I do not know whether Andrew Cuomo is in imminent danger of losing his immortal soul. He does, it is true, champion the dismemberment and the saline dissolution of our brothers and sisters in the womb, and this is a hideous evil. He does, it is also true, champion the evacuation of any biological and natural meaning from the word “marriage,” and this is also a hideous evil, in a time when the family, especially for the poorest among us, is so frail. But we cannot judge his soul. Much that seems due to malice may be due to misguided affection or invincible ignorance. Yet, though we cannot judge his soul, it is the right of every citizen to judge the wisdom of any politician, and in that light I should like to say that Andrew Cuomo is the biggest horse’s ass ever to grace a political office since Caligula made his charger a Roman senator. I will not say that he is too wicked for heaven; but he is certainly, and this is saying a great deal, too much of a bonehead even for Albany.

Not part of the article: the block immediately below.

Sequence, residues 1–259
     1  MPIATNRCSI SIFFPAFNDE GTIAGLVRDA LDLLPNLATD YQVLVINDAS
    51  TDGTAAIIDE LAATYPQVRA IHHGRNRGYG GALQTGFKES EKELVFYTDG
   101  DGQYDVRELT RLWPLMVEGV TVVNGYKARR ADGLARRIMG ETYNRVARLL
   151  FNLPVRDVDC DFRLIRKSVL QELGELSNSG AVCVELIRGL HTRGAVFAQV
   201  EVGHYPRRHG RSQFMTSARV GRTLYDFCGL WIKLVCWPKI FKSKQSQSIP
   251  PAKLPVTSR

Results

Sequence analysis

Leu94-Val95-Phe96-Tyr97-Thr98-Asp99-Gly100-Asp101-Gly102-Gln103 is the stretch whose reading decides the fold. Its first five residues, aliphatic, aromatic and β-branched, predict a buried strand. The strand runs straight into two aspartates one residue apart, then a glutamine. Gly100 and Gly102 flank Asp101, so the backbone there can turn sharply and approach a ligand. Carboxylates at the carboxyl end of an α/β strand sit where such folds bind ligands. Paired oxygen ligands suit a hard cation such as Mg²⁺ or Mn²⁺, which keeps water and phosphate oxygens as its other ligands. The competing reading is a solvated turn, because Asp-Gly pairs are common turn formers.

How might the business lobby profit from high minimum wages? Let’s ask Momentum Machines:

Small business owners in Southern California have struggled against high taxes and a rising minimum wage for years. But a new robotics startup in San Francisco called Momentum Machines wants to sooth the burdens created by oppressive government by designing a machine that will solve these problems.

According to Momentum Machines, making burgers costs US$9 billion a year in wages in the United States alone. A machine like the burger robot could revolutionize the fast food industry. The company’s website reads: “Our alpha machine replaces all of the hamburger line cooks in a restaurant. It does everything employees can do except better.”

“The logic of nature is remorseless. The logic of nature cannot be avoided. It can be manipulated for a time through technology and human will, but it will always prevail in the end.” –Vox